Corporate Wellness & Safety

Author
Stephanie McCauley

corporate wellness

Corporate Wellness & Safety Tips

Welcome to Safe Friday, since June is National Safety Month, this week we’re going to cover the ins and outs of corporate wellness and safety. Whether you’re an experienced professional, or new on the job, today we’re going to offer something for everyone!

According to Daniel R. Nobbe, Plant Leader, Fiberteq LLC, Danville, IL., “There are many benefits from developing a safety culture at your company — none of which is more valuable than employee loyalty. When employees know you care about their personal well-being and you prove that to them in their workplace, it increases morale, engagement, awareness, motivation and productivity.” (Source: National Safety Council)

With that mind, the safety and health of all employees of your company should be of utmost importance. The best Corporate Wellness Program we can recommend is an Injury and Illness Prevention Program. Preventing work related injuries and illnesses must be given precedence over operating productivity, whenever necessary. To the best extent possible, leadership within your company should provide all the mechanical and physical protection necessary for personnel safety and health. In addition, your workers should also know and follow their duties and responsibilities to protect the safety of themselves and their co-workers.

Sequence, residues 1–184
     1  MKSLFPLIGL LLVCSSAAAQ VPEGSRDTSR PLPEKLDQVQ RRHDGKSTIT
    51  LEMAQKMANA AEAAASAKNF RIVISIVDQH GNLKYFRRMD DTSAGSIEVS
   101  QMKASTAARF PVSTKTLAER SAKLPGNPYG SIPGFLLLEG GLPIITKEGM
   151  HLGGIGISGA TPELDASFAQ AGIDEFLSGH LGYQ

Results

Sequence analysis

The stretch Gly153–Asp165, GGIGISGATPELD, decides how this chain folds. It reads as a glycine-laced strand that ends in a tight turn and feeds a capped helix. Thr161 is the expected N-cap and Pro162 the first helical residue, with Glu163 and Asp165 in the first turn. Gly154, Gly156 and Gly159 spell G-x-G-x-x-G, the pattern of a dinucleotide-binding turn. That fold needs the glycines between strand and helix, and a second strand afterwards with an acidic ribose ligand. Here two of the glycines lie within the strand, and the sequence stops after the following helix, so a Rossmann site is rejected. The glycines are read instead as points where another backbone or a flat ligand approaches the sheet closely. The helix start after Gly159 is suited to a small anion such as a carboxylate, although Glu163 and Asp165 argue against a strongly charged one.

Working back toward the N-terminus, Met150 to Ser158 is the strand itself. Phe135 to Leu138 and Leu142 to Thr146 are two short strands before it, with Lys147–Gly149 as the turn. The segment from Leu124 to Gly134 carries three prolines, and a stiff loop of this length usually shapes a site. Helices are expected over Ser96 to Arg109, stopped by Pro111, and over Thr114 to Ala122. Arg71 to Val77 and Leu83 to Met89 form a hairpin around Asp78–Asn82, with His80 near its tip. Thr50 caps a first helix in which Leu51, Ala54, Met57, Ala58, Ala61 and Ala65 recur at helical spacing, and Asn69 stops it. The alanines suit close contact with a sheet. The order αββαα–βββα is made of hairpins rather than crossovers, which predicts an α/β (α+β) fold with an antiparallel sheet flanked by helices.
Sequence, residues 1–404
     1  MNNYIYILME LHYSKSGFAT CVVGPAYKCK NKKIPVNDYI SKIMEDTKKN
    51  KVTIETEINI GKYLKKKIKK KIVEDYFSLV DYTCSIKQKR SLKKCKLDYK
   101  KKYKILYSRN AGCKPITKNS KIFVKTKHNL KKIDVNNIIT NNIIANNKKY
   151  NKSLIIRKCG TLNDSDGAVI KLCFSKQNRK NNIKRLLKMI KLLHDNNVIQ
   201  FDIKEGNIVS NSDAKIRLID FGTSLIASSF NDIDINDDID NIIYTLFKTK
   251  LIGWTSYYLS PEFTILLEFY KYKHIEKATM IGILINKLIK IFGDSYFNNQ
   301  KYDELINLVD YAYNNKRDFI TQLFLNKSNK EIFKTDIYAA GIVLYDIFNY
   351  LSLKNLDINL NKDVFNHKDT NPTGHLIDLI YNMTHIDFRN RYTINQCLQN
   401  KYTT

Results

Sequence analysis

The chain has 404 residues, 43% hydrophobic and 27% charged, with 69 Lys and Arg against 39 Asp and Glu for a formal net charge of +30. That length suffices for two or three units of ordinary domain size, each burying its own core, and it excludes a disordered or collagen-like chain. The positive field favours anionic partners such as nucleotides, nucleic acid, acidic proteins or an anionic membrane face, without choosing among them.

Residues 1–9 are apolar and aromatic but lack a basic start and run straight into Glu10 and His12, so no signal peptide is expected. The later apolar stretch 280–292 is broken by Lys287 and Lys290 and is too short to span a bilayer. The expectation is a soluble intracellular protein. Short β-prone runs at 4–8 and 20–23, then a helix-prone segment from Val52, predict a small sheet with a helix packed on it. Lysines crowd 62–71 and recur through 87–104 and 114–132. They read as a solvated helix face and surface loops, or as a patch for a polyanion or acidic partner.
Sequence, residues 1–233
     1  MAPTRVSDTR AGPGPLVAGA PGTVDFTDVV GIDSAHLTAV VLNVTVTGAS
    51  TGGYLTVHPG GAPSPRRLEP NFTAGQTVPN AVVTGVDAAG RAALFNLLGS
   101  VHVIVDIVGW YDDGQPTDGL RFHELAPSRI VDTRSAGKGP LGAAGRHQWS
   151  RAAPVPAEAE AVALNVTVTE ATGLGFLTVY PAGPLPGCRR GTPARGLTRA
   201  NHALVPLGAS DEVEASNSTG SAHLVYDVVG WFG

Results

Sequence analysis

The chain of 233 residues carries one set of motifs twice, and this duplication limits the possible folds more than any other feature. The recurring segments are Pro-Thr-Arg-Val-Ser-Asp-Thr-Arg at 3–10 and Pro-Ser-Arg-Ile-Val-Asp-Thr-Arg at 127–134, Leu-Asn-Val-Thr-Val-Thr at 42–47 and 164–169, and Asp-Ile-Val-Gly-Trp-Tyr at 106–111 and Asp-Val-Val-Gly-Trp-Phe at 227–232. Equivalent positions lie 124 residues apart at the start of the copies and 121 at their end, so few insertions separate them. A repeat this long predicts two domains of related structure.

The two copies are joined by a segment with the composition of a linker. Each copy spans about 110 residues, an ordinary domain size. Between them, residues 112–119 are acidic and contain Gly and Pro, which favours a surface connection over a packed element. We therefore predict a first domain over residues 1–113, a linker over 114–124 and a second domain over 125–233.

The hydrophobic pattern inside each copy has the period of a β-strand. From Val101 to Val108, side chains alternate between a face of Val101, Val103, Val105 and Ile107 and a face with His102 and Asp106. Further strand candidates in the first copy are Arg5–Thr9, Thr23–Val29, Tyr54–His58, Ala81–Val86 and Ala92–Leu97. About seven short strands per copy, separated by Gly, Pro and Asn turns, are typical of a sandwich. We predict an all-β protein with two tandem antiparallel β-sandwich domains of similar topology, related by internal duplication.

Implementing Injury & Illness Prevention Programs (IIPPs)

The first portion of an IIPP should be designating safety leaders with formal safety responsibilities.

Knowing Responsibilities: All your employees need to know the safety rules and conduct their work in compliance with them. Disregarding any of the safety and health rules should be grounds for disciplinary action, up to and including termination, as the future of your business and the wellbeing of your workers is on the line. Your employees must also make full use of the safeguards provided for their protection. All of your employees should receive an orientation when hired and receive a copy of your company’s Injury and Illness Programs.

Employee’s Responsibilities:

  • Reading, understanding, and following the safety and health rules and procedures